Monday, November 17, 2014
Senators pay tribute to former Senator Juan Flavier
MANILA-Senators today paid tribute to former Senator and Health Secretary Juan Flavier, “who was described as a giant of a man” despite his diminutive size.
“Although he was the first one to make a joke of his height, Johnny was a giant of a man. His monumental achievements made him stand out from the rest. But what made him more extraordinary was his strong compassion for those who have less in life, his sense of duty, and commitment to make a difference,” Senate President Franklin Drilon said in his eulogy.
“He will always be remembered for passionately and courageously advocating for a reproductive health law despite strong opposition from different sectors. That law was finally passed two years ago, and we dedicate it to his memory. The passage of the Reproductive Health Law is a fitting tribute to him,” Drilon added.
Senators received the remains of Flavier at 9:30 a.m. Monday, November 17, and hosted lunch for his family, relatives, senators and guests at the Recto-Laurel Rooms after the necrological services. Flavier succumbed to pneumonia last October 30 at age 79.
For her part, Senator Miriam Defensor Santiago said she would chat with the former health secretary when she was bored or tired. “I was confident I was sharing time with an honest man. He was the most honest senator,” she said.
“Hardly had the dust settled from the campaign, when I rose in a privilege speech to denounce pork barrel kickbacks, which in that simpler time consisted of 10 percent of the public funds involved. I denounce the system, expecting that my colleagues would leap to their feet and confirm my narrative,” Santiago said in her eulogy.
“But, foolish me, after my speech there was no interpellation and no comment from anybody. Nobody spoke. Except for one man - Sen. Juan Flavier. With an offended expression, he rose to affirm my accusation of corruption in the Senate. If Sen. Flavier did not have the courage and the purity of heart to support my story of corruption, I would have made no impact. Because of Sen. Flavier's comment, the media picked up the story,” she added.
“He had no air. His ways were simple. He was always for the common man,” Senator Serge Osmena recalled.
Senator Gregorio Honasan II said he had “lethal exposure to the viral Flavier humor,” when Flavier was in Congress.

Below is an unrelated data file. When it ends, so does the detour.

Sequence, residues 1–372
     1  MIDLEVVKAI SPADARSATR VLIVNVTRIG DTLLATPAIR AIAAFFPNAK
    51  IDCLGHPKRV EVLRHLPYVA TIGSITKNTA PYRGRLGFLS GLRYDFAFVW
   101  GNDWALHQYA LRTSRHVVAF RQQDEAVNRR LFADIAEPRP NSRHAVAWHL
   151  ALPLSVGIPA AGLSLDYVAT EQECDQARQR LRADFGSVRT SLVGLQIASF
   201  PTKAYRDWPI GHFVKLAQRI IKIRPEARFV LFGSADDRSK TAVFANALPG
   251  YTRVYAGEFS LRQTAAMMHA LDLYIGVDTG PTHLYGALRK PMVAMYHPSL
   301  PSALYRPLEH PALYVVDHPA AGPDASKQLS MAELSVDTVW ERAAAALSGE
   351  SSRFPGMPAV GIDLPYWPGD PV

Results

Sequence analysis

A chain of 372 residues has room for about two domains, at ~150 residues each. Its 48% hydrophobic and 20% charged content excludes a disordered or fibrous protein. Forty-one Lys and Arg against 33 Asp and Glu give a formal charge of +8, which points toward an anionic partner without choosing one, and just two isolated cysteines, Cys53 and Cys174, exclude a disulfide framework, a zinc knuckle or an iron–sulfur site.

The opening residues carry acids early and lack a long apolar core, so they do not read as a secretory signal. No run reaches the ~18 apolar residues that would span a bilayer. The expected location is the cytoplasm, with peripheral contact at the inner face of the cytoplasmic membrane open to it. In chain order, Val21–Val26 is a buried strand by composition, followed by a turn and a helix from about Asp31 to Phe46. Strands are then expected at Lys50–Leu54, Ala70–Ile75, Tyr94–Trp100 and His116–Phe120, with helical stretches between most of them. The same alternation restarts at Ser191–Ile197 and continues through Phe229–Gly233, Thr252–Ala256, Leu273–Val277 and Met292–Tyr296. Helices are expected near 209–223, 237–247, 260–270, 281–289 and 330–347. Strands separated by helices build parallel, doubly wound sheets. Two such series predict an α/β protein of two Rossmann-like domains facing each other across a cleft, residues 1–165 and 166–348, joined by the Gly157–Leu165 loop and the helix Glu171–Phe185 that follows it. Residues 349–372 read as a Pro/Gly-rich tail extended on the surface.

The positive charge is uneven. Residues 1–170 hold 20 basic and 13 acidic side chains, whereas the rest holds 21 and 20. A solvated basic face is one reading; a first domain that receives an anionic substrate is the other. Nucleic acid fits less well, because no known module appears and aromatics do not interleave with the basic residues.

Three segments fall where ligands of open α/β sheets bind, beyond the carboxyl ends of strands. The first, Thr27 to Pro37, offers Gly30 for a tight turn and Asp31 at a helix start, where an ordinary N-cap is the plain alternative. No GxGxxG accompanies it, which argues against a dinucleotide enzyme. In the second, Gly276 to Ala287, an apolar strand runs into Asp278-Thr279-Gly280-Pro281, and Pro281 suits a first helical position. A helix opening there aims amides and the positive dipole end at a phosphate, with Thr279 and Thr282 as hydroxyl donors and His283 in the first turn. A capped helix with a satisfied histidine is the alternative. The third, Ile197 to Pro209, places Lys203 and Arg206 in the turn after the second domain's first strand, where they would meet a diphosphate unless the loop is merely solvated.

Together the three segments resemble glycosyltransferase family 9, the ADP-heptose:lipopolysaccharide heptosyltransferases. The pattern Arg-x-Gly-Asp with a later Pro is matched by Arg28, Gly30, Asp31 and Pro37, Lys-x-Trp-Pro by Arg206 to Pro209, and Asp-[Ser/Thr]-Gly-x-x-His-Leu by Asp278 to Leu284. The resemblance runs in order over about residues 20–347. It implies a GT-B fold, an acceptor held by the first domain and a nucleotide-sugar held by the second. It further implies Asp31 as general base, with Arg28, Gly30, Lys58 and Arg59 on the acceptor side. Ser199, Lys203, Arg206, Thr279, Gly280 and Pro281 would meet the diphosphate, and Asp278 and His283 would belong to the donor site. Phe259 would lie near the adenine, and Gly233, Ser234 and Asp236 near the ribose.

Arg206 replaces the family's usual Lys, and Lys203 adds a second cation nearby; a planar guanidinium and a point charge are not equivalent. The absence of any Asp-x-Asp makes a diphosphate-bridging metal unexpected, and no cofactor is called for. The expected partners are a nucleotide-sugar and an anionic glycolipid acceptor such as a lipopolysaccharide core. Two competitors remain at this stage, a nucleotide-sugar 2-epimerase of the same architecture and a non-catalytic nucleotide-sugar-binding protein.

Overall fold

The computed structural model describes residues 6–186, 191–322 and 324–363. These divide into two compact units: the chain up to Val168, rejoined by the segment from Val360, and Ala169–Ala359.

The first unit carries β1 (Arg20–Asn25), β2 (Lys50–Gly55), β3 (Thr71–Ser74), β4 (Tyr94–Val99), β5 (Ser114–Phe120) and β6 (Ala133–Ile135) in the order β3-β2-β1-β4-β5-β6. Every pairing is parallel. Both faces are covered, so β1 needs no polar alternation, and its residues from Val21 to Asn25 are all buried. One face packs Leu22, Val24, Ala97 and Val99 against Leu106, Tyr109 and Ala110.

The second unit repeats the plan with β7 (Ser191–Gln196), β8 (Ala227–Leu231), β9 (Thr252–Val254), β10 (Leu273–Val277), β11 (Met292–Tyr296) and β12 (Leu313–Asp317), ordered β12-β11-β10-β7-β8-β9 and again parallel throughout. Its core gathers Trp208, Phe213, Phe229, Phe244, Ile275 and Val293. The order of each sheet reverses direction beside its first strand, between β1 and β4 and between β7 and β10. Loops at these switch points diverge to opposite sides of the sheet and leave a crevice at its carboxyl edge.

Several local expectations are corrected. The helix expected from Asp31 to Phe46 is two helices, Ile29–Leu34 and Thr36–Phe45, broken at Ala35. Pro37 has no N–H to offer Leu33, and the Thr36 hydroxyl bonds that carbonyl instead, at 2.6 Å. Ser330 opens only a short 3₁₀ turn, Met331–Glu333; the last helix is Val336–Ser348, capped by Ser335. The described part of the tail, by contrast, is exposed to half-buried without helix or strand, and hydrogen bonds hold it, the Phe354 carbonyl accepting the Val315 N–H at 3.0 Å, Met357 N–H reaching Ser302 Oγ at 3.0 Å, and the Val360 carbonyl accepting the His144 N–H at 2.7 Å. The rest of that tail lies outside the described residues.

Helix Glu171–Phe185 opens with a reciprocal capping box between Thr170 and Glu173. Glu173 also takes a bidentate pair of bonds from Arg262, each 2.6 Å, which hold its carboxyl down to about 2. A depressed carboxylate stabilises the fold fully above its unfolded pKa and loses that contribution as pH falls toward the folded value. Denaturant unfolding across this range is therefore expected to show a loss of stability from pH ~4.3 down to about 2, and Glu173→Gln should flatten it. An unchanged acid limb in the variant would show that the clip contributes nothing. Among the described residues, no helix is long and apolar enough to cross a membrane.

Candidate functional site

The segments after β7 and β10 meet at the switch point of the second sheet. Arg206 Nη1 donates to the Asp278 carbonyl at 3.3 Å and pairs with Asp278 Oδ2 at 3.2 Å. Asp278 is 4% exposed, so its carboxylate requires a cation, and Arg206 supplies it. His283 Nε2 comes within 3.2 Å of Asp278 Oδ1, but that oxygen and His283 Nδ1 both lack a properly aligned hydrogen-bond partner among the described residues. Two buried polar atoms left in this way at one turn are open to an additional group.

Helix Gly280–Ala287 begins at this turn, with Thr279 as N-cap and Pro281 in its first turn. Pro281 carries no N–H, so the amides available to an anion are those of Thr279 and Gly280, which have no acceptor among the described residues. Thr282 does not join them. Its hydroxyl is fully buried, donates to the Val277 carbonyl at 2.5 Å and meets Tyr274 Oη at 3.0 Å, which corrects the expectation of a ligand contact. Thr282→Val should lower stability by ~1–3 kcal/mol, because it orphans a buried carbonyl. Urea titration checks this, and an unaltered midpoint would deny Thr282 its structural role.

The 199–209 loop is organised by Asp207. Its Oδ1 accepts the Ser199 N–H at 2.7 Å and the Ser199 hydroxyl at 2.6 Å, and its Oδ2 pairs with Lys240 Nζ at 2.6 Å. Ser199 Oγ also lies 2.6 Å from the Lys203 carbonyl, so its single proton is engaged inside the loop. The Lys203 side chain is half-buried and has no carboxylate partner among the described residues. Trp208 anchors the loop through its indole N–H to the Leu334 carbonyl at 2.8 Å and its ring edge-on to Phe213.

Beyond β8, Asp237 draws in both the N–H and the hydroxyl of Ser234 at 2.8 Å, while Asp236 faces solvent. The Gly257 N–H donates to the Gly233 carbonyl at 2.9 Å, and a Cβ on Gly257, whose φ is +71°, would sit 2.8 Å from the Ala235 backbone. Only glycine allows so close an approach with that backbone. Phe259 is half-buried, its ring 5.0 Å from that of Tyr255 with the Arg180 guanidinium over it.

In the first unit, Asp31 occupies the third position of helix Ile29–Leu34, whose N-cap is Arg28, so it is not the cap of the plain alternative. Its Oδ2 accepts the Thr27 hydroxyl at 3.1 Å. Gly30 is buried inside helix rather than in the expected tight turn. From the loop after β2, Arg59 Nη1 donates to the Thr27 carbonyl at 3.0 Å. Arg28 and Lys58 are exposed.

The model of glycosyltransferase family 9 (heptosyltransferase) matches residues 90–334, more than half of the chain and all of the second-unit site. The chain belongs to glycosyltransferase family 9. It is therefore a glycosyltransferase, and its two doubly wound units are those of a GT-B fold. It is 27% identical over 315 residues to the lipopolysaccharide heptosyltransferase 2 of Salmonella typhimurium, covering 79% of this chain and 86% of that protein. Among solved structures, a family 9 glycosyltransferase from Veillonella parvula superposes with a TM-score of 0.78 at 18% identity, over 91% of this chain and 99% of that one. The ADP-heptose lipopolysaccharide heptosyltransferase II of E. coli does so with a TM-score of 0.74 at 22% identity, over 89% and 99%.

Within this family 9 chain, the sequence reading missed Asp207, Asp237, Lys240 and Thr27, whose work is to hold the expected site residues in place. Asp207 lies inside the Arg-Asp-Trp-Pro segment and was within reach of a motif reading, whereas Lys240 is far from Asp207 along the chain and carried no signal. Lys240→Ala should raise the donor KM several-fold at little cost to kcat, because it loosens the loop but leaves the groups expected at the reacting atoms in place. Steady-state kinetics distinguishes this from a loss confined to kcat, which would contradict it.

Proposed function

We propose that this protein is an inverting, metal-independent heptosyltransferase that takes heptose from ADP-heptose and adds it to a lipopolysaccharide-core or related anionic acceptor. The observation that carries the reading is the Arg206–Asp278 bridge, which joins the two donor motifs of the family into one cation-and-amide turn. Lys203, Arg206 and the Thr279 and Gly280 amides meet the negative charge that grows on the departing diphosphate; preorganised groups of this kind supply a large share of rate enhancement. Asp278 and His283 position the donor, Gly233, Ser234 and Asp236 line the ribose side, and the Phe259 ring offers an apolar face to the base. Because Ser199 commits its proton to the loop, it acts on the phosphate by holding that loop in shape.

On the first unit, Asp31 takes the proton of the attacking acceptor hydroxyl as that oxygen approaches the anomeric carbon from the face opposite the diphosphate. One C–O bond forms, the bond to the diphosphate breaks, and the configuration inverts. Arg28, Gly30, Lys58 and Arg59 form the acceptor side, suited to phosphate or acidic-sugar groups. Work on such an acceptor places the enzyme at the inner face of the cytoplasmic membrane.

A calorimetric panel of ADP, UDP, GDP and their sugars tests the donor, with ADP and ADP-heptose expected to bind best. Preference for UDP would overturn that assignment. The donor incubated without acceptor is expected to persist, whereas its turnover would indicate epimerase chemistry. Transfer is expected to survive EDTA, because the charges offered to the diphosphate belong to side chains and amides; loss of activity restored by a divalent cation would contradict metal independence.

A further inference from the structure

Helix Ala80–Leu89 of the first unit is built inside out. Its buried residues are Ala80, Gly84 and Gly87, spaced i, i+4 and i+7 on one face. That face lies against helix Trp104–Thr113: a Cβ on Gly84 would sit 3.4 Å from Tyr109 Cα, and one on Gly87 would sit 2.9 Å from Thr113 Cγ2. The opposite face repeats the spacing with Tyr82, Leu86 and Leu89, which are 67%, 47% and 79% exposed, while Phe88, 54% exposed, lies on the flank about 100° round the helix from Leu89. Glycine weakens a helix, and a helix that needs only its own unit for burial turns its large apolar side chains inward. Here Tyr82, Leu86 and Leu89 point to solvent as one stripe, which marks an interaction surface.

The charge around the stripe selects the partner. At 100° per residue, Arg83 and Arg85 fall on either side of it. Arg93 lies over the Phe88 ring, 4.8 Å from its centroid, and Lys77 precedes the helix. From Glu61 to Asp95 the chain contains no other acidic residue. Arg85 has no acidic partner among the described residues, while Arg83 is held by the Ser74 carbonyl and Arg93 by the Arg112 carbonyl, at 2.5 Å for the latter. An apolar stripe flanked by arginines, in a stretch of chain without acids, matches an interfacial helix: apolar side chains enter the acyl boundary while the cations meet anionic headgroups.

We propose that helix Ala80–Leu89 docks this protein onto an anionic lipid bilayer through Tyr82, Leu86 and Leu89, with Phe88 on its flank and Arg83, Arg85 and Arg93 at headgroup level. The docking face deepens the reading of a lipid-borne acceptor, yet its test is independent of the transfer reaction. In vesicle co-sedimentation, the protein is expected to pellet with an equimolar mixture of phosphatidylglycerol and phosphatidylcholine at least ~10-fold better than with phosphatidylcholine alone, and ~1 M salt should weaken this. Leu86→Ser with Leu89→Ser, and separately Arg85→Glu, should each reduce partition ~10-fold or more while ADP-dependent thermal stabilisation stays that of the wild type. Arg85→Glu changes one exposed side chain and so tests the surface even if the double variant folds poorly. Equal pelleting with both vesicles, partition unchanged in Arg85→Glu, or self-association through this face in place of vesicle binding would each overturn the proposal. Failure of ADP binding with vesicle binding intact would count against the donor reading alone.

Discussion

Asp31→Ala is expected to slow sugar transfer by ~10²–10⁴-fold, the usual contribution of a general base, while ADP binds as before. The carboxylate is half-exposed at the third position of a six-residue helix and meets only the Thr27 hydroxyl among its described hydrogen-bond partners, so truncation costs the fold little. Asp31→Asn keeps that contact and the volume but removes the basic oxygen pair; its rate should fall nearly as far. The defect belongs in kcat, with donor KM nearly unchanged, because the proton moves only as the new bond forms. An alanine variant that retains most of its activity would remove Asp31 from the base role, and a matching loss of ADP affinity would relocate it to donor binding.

Flavier laid the foundations for tobacco health warning and reproductive health laws, Senator Pia Cayetano added.
“He was a father to me but as a legislator, we complemented each other. We shared a common passion for healthcare, Cayetano said.
“At the start of the 13th Congress, I asked him if he would continue to chair the Committee on Health, he said, "It's your turn. I will support you. With the former secretary of health at my side, I faced the challenges with a positive outlook. I sponsored my first bill on the expanded vaccination program” she added.
Legarda recalled how Flavier mentored her when she was a neophyte senator and described him as the Senate’s quorum maker. “Siya po ang pulitiko na hindi kailangang umikot sa buong Pilipinas para manalong topnotcher,” Legarda said.
Legarda said she sought Flavier’s advice on what to do with her first privilege speech. He told to talk about something distinct, something that the rest of the Senators know nothing or very little about.
“And so I remember I spoke about the delineation of our forests and filed it as one of my first bills in 1998. Manong Johnny will always be remembered for bringing healthcare to the unempowered and to the marginalized, for being kind, for being generous, for being noble. He has touched us all and his memory shall forever be etched in our minds and in our hearts,” Legarda said.
Meanwhile, the Senate is scheduled to adopt a resolution in the afternoon expressing sympathy and condolence to Flavier’s family.
Resolution 1014, introduced by Drilon, cited Flavier’s perfect attendance in sessions during the 10th to Congresses as well as the landmark laws he authored and sponsored.
“The death of the illustrious doctor and senator is a great loss not only to his bereaved family but also to the millions of Filipinos whom he loved and served so well,” the resolution stated.
Flavier, a Tondo native who was raised in the Mountain Province, was a shoeshine boy, newspaper boy, waiter, tutor until he earned his Medicine degree from the University of the Philippines in 1960 and Master’s degree in Public Health from John Hopkins University in 1969.
He placed fifth in the 1995 senatorial elections as “people acknowledged his outstanding work as a Cabinet member.” In his re-election in 2001, he ranked second for his “excellent performance as a senator during his first term.”
Flavier served as chairman of the Senate Committees on Health and Demography, Education, Arts and Culture, Cultural Communities and was the longest serving Senate President Pro-Tempore since the 8th Congress when he was elected for the position in August 2002 (12th Congress) and in July 26, 2004 (13th Congress).
“The hardworking Senator Flavier registered a perfect attendance during the sessions and authored or co-authored landmark laws which promoted public health care and disease prevention and improved the quality of life of the people,” the resolution stated. (Apple Buenaventura)
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